AUG 22, 2020 AT 5:30 AM

Human traffickers who typically use Central Florida’s busy tourism industry to camouflage their efforts are turning to other recruitment tools to lure victims amid the coronavirus pandemic, advocates warn. Especially vulnerable, they say, are the thousands of students spending long hours online.

“That has dramatically escalated in the last six months with COVID-19,” said Tomas Lares, founder and president of United Abolitionists, an Orlando-based national anti-trafficking organization. “According to the intelligence we’re hearing, with kids basically being on their devices nonstop, these buyers and perpetrators are using social media, games, apps — all kinds of online platforms — to connect with children online.”

Predators sometimes reach out through private messaging of various apps or troll online forums and chat rooms to identify young targets, often posing as an admirer or potential friend, Lares said. They may persuade children to take compromising photos of themselves — and then use those photos for pornography or to blackmail the children to do other things.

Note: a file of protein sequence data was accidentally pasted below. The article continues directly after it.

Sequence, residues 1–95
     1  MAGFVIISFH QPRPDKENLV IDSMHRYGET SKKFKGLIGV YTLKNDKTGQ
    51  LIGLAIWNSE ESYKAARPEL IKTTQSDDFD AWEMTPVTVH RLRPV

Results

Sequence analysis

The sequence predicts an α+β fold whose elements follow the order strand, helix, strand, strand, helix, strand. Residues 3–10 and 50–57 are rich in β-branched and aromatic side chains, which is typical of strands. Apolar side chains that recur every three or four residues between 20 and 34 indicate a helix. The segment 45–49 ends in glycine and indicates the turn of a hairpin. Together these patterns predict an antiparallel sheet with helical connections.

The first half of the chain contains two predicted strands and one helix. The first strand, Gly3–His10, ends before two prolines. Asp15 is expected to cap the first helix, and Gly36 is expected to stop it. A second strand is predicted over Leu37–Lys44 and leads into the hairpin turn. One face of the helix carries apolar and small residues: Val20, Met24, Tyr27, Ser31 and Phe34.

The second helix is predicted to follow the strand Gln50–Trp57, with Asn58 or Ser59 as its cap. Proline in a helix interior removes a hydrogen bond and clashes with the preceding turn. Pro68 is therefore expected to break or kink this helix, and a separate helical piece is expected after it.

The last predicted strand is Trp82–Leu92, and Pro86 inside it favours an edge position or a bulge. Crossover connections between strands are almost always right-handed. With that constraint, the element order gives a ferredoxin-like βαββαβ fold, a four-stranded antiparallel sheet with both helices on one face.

“It’s called sextortion,” Lares said. “They’ll threaten, ‘If you don’t do what I say, I’ll send these to your parents,’ or, ‘I’ll post them on your social media.’ And it’s almost impossible to track all that. Kids need to know: Online strangers are not your friends.”

His warning comes on the heels of the most recent “Trafficking In Persons” annual report from the U.S. State Department, in which Secretary Mike Pompeo calls trafficking “a crisis that has reached previously unimagined proportions” and blames the pandemic for an environment of instability and desperation that makes would-be victims more vulnerable.

Jill Bolander Cohen, founder and CEO of The Lifeboat Project — a Central Florida nonprofit that helps survivors with housing, medical care, counseling and education — said the need is greater than ever.


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